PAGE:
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Daily News Brief 02.15.12
Posted by Jacob Worrell on February 15

Here are some of today's top stories and happenings at IAVA.  Prefer to receive real-time updates about major stories and legislation that IAVA is tracking? Follow us on Twitter @IAVAPressRoom and click here to get the News Brief delivered to your inbox every morning.


1) Building Better Houses For Wounded Soldiers

Enormous advances in medical technology means that more seriously wounded service members are surviving their injuries. As many wounded warriors remain active-duty, the military has pioneered ways to provide handicap accessible housing that is discrete and ergonomic.


2) Princeton Trails Columbia in Attracting Iraq Vets to Ivy League

At least 500,000 new veterans have taken advantage of the GI Bill since 2009, but select few have penetrated the ranks of the country’s most elite universities. Veteran enrollment at Ivy League schools is much lower than previous generations because so few Americans have served in the Armed Forces.


3) Choosing troops to attend Iraq War dinner no easy task

After inviting families of the fallen and top brass from every service, the White House has officially selected 64 Iraq combat veterans to attend a formal dinner on February 29. Vets were chosen to best represent gender, home state, rank and ethnicity. Click here to sign IAVA’s petition calling on the President and the Mayors to hold a National Day of Action for Iraq vets.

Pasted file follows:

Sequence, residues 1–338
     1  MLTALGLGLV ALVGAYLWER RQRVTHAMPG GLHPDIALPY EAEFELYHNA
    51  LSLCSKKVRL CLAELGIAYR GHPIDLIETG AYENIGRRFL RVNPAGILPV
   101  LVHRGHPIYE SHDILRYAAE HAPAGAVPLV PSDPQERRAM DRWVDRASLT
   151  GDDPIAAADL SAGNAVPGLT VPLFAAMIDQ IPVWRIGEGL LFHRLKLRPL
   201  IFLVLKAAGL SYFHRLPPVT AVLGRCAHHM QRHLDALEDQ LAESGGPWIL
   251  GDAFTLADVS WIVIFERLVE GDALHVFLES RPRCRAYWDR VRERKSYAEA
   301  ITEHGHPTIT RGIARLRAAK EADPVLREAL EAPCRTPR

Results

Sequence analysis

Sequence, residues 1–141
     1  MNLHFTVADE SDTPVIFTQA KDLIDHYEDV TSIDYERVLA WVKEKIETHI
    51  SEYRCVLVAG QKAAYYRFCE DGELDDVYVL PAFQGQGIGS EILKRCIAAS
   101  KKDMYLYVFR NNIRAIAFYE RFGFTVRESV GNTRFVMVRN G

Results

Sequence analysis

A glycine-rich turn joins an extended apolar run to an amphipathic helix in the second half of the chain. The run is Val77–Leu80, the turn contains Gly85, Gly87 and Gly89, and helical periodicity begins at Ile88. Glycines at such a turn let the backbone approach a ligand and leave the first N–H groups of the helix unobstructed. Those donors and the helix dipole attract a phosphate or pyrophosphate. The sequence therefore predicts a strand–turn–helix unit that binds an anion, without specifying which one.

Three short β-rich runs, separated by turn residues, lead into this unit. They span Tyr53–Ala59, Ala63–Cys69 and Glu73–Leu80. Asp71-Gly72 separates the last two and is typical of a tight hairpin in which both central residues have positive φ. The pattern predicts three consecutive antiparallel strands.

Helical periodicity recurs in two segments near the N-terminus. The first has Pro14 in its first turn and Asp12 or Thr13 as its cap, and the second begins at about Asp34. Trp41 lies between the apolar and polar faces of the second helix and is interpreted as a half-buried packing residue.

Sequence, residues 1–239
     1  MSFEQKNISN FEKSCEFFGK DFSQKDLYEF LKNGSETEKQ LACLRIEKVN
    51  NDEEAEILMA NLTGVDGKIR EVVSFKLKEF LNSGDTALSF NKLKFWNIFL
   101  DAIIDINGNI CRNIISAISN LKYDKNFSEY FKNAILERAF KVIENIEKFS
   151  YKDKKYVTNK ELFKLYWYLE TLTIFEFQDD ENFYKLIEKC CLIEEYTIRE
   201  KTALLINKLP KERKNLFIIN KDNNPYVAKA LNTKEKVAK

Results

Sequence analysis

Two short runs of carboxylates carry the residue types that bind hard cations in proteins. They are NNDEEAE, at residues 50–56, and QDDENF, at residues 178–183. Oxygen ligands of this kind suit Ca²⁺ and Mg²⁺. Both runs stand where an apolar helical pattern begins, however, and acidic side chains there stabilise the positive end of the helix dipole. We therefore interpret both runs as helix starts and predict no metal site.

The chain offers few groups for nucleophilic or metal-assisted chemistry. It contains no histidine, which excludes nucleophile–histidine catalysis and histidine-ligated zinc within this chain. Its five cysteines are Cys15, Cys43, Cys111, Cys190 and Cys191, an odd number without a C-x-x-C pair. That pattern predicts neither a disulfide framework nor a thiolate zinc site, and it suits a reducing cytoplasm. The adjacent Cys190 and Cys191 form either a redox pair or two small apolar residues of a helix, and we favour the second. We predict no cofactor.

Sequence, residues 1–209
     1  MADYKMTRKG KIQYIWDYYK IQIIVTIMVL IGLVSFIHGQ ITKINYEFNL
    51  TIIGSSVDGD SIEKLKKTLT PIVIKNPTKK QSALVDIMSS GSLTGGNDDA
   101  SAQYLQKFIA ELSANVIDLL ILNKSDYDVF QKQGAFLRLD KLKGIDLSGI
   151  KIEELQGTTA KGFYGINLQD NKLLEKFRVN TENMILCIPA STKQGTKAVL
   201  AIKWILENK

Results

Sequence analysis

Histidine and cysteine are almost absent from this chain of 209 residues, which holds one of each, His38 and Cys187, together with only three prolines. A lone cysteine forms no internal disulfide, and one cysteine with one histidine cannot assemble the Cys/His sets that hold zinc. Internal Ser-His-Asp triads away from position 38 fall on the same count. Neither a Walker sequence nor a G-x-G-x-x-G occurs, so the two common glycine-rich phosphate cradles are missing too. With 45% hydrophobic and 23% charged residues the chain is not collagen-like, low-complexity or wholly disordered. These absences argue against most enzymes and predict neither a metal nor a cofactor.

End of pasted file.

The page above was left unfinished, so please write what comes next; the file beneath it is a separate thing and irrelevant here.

• The United States and the Afghan government are close to striking a deal that would lay out military relations post-2014.
  • On Wednesday, NATO expressed regret for a coalition airstrike that killed eight young civilians.



  • The Navy’s Explosive Ordnance Disposal school has removed the unofficial motto,“Initial Success or Total Failure” for fear of slandering fallen service members.
  • Three Camp Pendleton Marines were killed and one critically injured after their car crashed into a tree in California early Tuesday morning.



  • On Wednesday, the chairman of the Joint Chiefs of Staff told a Senate Committee that he would be willing to pay more for health care when he retired.